Review of PiFace Digital

Table of contents

RoadTest: PiFace Digital

Author: richvillehill

Creation date:

Evaluation Type: Independent Products

Did you receive all parts the manufacturer stated would be included in the package?: True

What other parts do you consider comparable to this product?: Programmable Logic Controls Microcontroller

What were the biggest problems encountered?:

Detailed Review:

PiFace Road test

5/29/13

David Hartle

My usage of the piface is as an industrial controls device.  Industrial control devices are primarily programmable logic controllers (PLC’s), microcontrollers, and or relays and pushbuttons.  Industrial PLC’s are expensive and the software proprietary and/or unavailable.  Microcontrollers require supporting circuitry to build and troubleshoot before it can be used.  The piface is inexpensive and ready to go to work right out of the package. 

The raspberry pi is an amazingly inexpensive computer.  It is a powerful tool to use in many different methods.  When the pi is coupled with the piface, the system is a great tool to use as a low cost industrial controls PLC.

The piface has 4 onboard momentary push buttons that serve as inputs.  It has two onboard relays to serve as outputs, and 8 LED output indicators.

Example #1

A simple control circuit used in industrial controls is a start/stop circuit.  The circuit uses two momentary push buttons and a relay to turn on or off a device.  The circuit can be hard wired as shown in Figure 1.  Notice the first pushbutton labeled “stop” is a normally closed push button and the second pushbutton labeled “start” is a normally open pushbutton.  The last device on the rung is the coil of the relay labeled “CR”.  When the relay coil is energized contacts labeled “CR” (connected in parallel with “start”) close to serve as a “seal”.  The seal in contacts maintain current to the coil even after the “start” pushbutton is released.  

Figure 1

 

 

The order of operations for the circuit in Figure 1: 

Press “start”: “CR” will turn on and “seal” in, staying even after releasing “start”

                Press “stop”: “CR” will turn off and remain off even after releasing “stop”

Programming the simple start/stop control circuit requires the use of logical operators.  Rungs are built using “and” “or” “not” statements in conjunction with variables that are defined to the input and output hardware available on the piface.

I used python to program the pi and control the piface with this simple control circuit method. Because all the buttons on the piface are normally open, the “stop” input has to be inverted with a “not” operator.

Here is the example code:

 

import piface.pfio as pfio

pfio.init()

x=pfio.digital_read(4)            # 4 pushbutton halts the program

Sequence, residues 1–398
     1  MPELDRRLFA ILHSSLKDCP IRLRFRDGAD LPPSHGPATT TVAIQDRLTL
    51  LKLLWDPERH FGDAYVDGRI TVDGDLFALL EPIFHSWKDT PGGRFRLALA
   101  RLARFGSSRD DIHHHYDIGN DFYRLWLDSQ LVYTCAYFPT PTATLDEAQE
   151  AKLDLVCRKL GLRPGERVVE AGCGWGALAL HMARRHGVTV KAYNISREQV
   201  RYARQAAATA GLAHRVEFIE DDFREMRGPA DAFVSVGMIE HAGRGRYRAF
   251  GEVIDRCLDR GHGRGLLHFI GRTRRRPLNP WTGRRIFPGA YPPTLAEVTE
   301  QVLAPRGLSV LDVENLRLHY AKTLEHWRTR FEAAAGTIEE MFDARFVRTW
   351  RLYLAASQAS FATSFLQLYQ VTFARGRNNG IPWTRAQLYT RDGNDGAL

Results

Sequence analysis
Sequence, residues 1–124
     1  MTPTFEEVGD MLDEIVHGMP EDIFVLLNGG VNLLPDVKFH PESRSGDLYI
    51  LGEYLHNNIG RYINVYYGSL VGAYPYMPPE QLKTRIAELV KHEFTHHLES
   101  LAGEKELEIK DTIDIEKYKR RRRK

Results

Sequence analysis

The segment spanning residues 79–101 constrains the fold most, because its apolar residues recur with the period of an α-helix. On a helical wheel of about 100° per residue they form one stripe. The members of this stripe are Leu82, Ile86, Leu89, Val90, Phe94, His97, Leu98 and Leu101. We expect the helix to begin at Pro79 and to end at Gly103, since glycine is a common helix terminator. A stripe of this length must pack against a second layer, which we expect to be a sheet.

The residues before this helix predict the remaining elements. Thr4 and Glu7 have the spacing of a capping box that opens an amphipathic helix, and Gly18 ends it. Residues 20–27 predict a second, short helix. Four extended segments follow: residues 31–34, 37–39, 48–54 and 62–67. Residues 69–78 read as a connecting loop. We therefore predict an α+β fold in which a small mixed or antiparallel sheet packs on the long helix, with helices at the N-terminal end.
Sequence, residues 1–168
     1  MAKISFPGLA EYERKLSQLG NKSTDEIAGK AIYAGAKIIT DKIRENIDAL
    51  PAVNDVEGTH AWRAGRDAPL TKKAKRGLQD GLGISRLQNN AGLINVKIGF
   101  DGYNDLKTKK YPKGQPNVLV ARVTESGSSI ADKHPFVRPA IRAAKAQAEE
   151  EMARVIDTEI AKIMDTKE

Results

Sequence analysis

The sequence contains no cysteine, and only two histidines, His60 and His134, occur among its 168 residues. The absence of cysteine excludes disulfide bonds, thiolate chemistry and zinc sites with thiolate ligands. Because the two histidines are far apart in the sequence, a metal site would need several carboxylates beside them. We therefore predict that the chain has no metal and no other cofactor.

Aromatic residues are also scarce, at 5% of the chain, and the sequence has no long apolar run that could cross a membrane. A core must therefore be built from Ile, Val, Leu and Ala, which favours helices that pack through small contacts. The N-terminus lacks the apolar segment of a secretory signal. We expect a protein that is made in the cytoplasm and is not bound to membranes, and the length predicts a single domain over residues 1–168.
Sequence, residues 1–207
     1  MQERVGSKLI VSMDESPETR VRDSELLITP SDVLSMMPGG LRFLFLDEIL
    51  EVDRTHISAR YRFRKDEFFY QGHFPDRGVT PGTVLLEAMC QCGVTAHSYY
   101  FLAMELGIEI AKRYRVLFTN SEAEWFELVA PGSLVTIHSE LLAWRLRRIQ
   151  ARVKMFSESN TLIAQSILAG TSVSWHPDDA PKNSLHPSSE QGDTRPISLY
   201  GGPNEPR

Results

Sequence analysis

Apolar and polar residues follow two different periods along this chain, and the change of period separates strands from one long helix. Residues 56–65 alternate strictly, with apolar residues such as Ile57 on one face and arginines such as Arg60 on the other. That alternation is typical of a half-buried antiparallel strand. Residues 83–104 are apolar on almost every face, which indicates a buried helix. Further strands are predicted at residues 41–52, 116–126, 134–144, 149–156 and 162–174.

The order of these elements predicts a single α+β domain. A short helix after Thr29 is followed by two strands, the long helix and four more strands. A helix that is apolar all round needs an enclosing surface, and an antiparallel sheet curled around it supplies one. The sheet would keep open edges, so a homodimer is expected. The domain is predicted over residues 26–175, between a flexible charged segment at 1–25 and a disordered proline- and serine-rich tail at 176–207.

cr=0                              # set variable initial value

while(not(x)):                    # continue until 4th pushbutton is pressed

         

        start = pfio.digital_read(1)      #button 1 is start pb

        stop = pfio.digital_read(2)       #button 2 is stop pb

 

        cr = not(stop) and (start or cr)  #simple start stop control with logical operators

 

        pfio.digital_write(1,cr)          # update output 1, Relay

               

        x = pfio.digital_read(4)          # 4 pushbutton halts the program

 

 

 

When the code is executed on the pi with the piface attached, one can press the first momentary pushbutton on the piface and the first relay should “click” on and LED output #1 will light.  The output will remain on until pushbutton number 2 is pressed.  Pressing pushbutton number 4 will halt the program operation.

 

 

 

 

 

 

 

 

 

 

 

 

 

 

Example #2

 

The next simple control circuit uses three inputs.  The inputs will include 2 from the previous example, start and stop, and one more called jog.  Figure 2 shows the hardwired control circuit.  This circuit provides operation like example one but also provides another input called “jog” that operates the relay “out” only as long as the button is pressed.  The “out” relay coil is operated when either “cr” or “jog” is activated.

 

 

 

 

Figure 2

 

The order of operations for the circuit in Figure 2: 

Press “start”:     “CR” will turn on and “seal” in, staying even after releasing “start”

                                “CR” will turn on “out”                 

                Press “stop”:      “CR” will turn off and remain off even after releasing “stop”

                                                “CR” will turn off “out”

                Press “Jog”:        “out” will turn on, “out” turns off when “jog” is released

 

 

Here is the python code to implement example 2:

 

import piface.pfio as pfio

pfio.init()

x=pfio.digital_read(4)     # 4 pushbutton halts the program

cr=0                      # set variable initial value

out = 0                   # set variable initial value

while(not(x)):             # continue until 4th pushbutton is pressed

         

        start = pfio.digital_read(1)     #button 1 is start pb

        stop = pfio.digital_read(2)     #button 2 is stop pb

        jog = pfio.digital_read(3)       #button 3 is jog pb

 

        cr = not(stop) and (start or cr)  #simple start stop control with logical operators

       out = jog or cr                     # jog input or cr

       

        pfio.digital_write(1,out)         # update output 1, Relay

               

       x = pfio.digital_read(4)   # 4 pushbutton halts the program

 

 

 

Conclusion:

The raspberry pi and piface are a great tool to learn how to build control logic circuits.   The free software and inexpensive hardware make it very affordable for the first time experimenter.  I will be using this hardware in my course work in the future.

Anonymous